Now to tell you about my half-hardies; the number of them is of course very great, and the labour of potting and housing increased tenfold to what it is in England, from the extreme cold we have, which makes it impossible to leave out of doors any sort or kind of veronica, or Verbena citriodora, rosemary, cistus, hydrangea, Lobelia cardinalis, tritomas, Campanula pyramidalis, or the better sort of carnations. The few just named mean hundreds of little pots to be got through the winter, if I am to have anything like an adequate supply for next year. The pentstemons and best snapdragons, too, I keep in pots, then a few large plants of the glorious red salvia and the other salvia with large pink blooms, the white Paris daisy large and small leaved, the yellow marguerite, the calceolarias brown and yellow, the pretty blue Agathea carulea, the best kinds of bright pink verbenas to be kept to make cuttings from in the spring, and the best double fringed petunias, then all the Cape pelargoniums, the tuberous begonias, of which we raised a big batch from seed, and had some really splendid shades and sizes. I used these largely to produce patches of bright colour in the autumn garden and to fill up places from which the early flowering phloxes, tulips, English irises, hesperis, Aster alpinus, andCampanula persiccefoliahadbeen removed to the reserve garden after flowering. These gaps were filled by red salvias broken by scarlet tuberous begonias, by Paris marguerites with yellow and white begonias in between, or by the tall pink salvia which is so lovely with the Sedum spectabile as a groundwork.All in all this terrible winter, and the havoc among my roses and herbaceous perennials, have taught me a lot; as usual necessity being the key to success.I had lost all my foxgloves, tritomas, Anemone japonica, all the finer sorts of hypericums, nearly all English andSpanish irises, the Spanish squill, and numberless small and pretty alpines and other dwarf plants. And so, to save what could be, I had to put all my energy on to raising a sufficient stock and variety of annuals, and make much use of half-hardy andsub-tropicalplants fromseedsand cuttings; my cannas, castor-oil plants,red and green-leaved Indian hemp-solanums,caladiums,andthe threekinds of nicotiana, mixed with batches of gladiolus, montbretia, amaranthus, andchoicecactusdahlias,madea huge tropical-looking bed of most decorative effect.All were put out the second half of May, someon a trampled foundation of manure to help rapid growth.The tall daturas made a lovely clump close by, sunk, and planted out in the grass, the base of the clump hid by polygonum and Desmodium penduliflorum. My sweet-peas, the earliest, were raised in the greenhouse, sown in February in pots and planted out in April; the second batch in a cold frame in pots and planted out late in May; the third batch sown in place and just a little thinned, watered and manured.They are still now in full beauty - September 20 - but I never get them as tall or the blooms quite as large as the best English ones.Still they are good Eck-ford varieties, and I do not grumble, for, no doubt, I shall learn by and by.My greatest pleasure among all my annuals has been the thorough success of Nemesia strumosa, sown in three or four different little patches, in pots, in boxes, and out of doors; some pricked out into sandy soil and sunny places, some pricked off into boxes or large shallow pans, where they bloomed and seeded profusely. The biggest plants and profusest bloomers were those sown in place. They began to bloom the end of July, and are still lovely, and have yielded masses of cut blooms and good seed too, though it takes a lot of gathering.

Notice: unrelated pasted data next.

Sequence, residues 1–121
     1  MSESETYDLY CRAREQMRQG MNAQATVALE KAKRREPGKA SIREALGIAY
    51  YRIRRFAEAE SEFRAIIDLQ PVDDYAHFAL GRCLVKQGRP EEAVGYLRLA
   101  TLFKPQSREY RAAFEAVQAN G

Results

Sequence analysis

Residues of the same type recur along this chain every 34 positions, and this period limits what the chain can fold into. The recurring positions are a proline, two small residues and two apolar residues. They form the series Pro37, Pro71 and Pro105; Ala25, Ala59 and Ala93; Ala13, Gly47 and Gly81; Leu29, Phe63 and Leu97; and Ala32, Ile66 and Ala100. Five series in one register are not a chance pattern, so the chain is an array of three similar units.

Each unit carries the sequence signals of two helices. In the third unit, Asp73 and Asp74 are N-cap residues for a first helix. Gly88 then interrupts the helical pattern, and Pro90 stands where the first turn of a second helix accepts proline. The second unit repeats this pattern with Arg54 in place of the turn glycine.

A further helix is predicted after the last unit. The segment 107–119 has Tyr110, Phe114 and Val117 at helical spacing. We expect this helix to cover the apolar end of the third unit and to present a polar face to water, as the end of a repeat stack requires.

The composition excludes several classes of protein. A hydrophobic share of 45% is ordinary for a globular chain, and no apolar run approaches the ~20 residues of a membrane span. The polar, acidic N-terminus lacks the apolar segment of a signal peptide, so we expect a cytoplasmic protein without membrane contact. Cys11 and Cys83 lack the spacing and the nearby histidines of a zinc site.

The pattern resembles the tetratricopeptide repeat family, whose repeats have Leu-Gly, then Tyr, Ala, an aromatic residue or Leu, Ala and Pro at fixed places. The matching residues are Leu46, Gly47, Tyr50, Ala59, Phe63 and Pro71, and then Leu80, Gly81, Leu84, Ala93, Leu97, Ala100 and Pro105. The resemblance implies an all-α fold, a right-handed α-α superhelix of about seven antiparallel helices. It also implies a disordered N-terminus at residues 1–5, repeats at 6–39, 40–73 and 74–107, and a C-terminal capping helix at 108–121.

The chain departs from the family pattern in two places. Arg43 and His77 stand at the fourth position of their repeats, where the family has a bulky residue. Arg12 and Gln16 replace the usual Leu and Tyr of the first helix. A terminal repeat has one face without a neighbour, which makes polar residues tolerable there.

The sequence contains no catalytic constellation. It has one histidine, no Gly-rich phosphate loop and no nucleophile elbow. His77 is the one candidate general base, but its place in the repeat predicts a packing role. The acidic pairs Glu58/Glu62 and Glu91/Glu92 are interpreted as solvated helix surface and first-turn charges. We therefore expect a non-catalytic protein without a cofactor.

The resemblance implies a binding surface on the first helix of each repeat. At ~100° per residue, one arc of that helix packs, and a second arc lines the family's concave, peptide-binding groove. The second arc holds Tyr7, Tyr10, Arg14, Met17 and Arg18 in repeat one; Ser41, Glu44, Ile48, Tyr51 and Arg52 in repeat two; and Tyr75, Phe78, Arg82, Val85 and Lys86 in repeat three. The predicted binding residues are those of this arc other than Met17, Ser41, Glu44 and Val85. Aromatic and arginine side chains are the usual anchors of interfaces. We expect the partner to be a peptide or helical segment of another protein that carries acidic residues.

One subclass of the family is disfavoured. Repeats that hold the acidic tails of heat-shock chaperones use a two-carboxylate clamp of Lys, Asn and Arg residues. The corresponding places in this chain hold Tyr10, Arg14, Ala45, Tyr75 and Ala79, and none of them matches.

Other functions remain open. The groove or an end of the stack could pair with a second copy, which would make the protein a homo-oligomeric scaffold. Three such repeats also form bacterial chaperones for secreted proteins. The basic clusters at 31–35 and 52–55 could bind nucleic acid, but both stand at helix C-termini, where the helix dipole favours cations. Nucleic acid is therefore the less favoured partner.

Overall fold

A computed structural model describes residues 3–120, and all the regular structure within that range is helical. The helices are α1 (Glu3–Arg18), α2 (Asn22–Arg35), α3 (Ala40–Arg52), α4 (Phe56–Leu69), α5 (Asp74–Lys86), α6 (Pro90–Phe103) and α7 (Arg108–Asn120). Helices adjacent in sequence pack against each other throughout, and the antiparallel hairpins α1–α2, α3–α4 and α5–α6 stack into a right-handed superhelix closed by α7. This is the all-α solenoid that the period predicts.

A paling, topped by a little red-brick roof, has been prettily overgrown with a lovely new (to me) creeper called Solarium Wendlandi, tender, and to be treated like Plumbago capensis. It has large clusters of lovely lavender or mauvy-blue flowers, is a strong grower and covers a large space in one summer. It was very pretty growing alongside of a mass of good snow-white ever-lasting pea, with Plumbago capensis, and a mass of different shades of heliotrope at the foot of it scenting the air at a distance. And now we are on the verge of death and decay to all this quickly conjured-up loveliness, and the long lottery begins again which always brings surprises, and will perhaps force us next spring to have even more recourse to annuals. The long and short of all my efforts is to conclude that gardening in this climate is not really worth the trouble, as it means five months of life and seven months of death, and a yearly renewed effort to produce and reproduce plants that grow like weeds in the blessed climate of your British Isles.'

My friend's sad grumble reminds me of two or three lines in one of Robert Lytton's letters : 'Friendship under the chill veil of absence is like a garden covered with snow. The roots, the germs, the bulbs all are there, but where are the flowers ?' A garden is never without hope. What one thinks is dead springs up strong from the root, and what seems to have survived till the spring often proves to be dead.